The 'green rush' is on, and Seat is the latest prospector hoping to cash in while car buyers have the climate on their agenda.
Badged 'Ecomotive', the super-economical Ibiza is due to be launched at the end of this year or early in 2008, and Seat hopes it will account for up to 10% of Ibiza sales.
Seat's Ibiza Ecomotive, like the closely related Volkswagen Polo Bluemotion, emits just 99g/km of carbon dioxide. That's the lowest emissions of any conventionally fuelled car currently on sale.
Based on the 1.4-litre diesel Seat Ibiza Reference, you'd be hard pushed to spot any difference at first glance.
Lighter and more aerodynamic
Most changes have taken place inside, where weight has been reduced by 22kg and the transmission has been tweaked so the gears are spaced further apart to help the engine work more economically.
Improved aerodynamics also play a part. Wheeltrims that are more flush to the wheels reduce air resistance, and the tyres have a lower rolling resistance to reduce friction.
The most exciting figures surround the fuel economy, which is officially 74.3mpg. That should mean a refuel is needed every 700 miles or so, but this will depend on your driving style.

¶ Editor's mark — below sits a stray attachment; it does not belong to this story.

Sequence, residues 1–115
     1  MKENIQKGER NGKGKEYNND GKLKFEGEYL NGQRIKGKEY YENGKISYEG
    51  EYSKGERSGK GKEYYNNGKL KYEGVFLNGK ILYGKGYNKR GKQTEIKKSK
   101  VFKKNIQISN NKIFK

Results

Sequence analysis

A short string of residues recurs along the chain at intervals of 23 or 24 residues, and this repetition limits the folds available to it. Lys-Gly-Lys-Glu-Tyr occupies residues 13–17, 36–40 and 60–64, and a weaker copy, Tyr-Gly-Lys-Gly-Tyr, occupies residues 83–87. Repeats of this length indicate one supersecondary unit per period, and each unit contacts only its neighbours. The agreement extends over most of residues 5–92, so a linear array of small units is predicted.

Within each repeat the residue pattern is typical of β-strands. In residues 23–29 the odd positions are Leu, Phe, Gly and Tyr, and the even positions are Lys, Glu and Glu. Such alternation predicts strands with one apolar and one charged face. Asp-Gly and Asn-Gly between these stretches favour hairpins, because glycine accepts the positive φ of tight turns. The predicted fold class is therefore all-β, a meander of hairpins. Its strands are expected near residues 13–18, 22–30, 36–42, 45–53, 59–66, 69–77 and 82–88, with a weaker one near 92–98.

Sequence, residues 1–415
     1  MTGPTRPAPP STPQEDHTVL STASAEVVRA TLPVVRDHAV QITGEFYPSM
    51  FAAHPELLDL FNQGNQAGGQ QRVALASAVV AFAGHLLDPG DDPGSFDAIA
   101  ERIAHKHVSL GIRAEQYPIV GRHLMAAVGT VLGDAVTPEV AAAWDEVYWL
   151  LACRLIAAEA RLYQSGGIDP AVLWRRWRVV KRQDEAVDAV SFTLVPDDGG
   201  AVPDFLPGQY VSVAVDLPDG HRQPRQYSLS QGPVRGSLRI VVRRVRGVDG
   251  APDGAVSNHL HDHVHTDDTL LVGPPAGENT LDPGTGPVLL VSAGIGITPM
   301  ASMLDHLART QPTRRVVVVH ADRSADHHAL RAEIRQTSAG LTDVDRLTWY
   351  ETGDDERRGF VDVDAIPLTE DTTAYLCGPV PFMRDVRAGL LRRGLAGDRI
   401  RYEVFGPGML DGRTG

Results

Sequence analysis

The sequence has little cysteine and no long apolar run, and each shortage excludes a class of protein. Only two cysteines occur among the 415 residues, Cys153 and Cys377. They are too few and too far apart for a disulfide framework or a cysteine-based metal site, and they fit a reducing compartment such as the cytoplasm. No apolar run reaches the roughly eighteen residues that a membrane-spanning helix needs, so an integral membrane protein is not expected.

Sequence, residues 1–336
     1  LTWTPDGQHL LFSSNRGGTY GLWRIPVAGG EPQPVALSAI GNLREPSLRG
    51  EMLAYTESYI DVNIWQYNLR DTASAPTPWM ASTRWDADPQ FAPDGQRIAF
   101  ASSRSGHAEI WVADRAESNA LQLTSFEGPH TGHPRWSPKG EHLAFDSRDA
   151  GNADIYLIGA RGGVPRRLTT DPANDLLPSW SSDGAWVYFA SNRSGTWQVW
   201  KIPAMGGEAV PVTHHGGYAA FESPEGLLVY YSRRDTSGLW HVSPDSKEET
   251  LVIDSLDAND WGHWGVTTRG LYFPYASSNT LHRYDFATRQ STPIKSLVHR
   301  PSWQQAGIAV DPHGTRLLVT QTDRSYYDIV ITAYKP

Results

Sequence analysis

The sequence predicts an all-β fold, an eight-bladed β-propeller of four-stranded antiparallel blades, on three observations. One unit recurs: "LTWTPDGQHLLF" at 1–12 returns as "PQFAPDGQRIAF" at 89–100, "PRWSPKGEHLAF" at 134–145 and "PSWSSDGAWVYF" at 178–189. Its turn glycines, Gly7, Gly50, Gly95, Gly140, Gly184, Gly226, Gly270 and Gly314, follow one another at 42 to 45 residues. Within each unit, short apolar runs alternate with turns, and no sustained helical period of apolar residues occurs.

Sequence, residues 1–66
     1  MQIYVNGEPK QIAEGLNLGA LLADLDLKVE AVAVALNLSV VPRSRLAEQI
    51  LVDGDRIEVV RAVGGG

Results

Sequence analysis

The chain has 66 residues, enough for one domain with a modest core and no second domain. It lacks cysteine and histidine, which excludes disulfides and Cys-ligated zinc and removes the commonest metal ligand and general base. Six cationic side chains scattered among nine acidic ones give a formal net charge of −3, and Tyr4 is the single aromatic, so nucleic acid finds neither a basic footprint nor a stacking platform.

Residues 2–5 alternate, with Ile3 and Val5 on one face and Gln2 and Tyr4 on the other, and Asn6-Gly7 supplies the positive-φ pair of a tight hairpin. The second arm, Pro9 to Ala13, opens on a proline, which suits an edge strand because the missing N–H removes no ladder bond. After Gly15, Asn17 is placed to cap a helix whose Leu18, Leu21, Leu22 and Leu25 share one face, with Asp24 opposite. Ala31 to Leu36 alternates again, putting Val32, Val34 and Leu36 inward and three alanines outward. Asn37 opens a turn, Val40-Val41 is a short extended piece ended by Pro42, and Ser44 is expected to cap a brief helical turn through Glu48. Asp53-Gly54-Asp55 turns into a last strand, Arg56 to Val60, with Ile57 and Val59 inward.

Chances are, you'll need to adapt that style to suit the car. On the twisty roads of our test-drive, you had to change between second and third too often, and until the car reaches 2000rpm in any gear, progress is very slow.
Once settled in top gear on the motorway, you can stop stirring the gears. Noise levels from the diesel engine settle on faster roads, too - the car sounds quite chuggy at low speeds.
Because the Ecomotive is based on the entry-level (lightest) Ibiza, the specification is fairly basic.
Models are available without air-con to achieve the 99g/km emissions level, but if you want to add air-con, these rise to 104g/km.
The rear seat is a bench, rather than a split/folding variety, to save weight, and although two adults will fit in the back, they won't be comfortable spending a long journey there.
If you're the kind of person who gets a kick out of beating your personal best fuel economy figure each journey, this car should help. However, there's no trip computer, which will make recording your impressive statistics more difficult.
Seat hasn't been able to confirm a price, but we'd expect it to be around £10,500 to £11,000 - a little cheaper than the VW Polo Bluemotion.
Our reviews are based on hard data and thorough testing in the real world.
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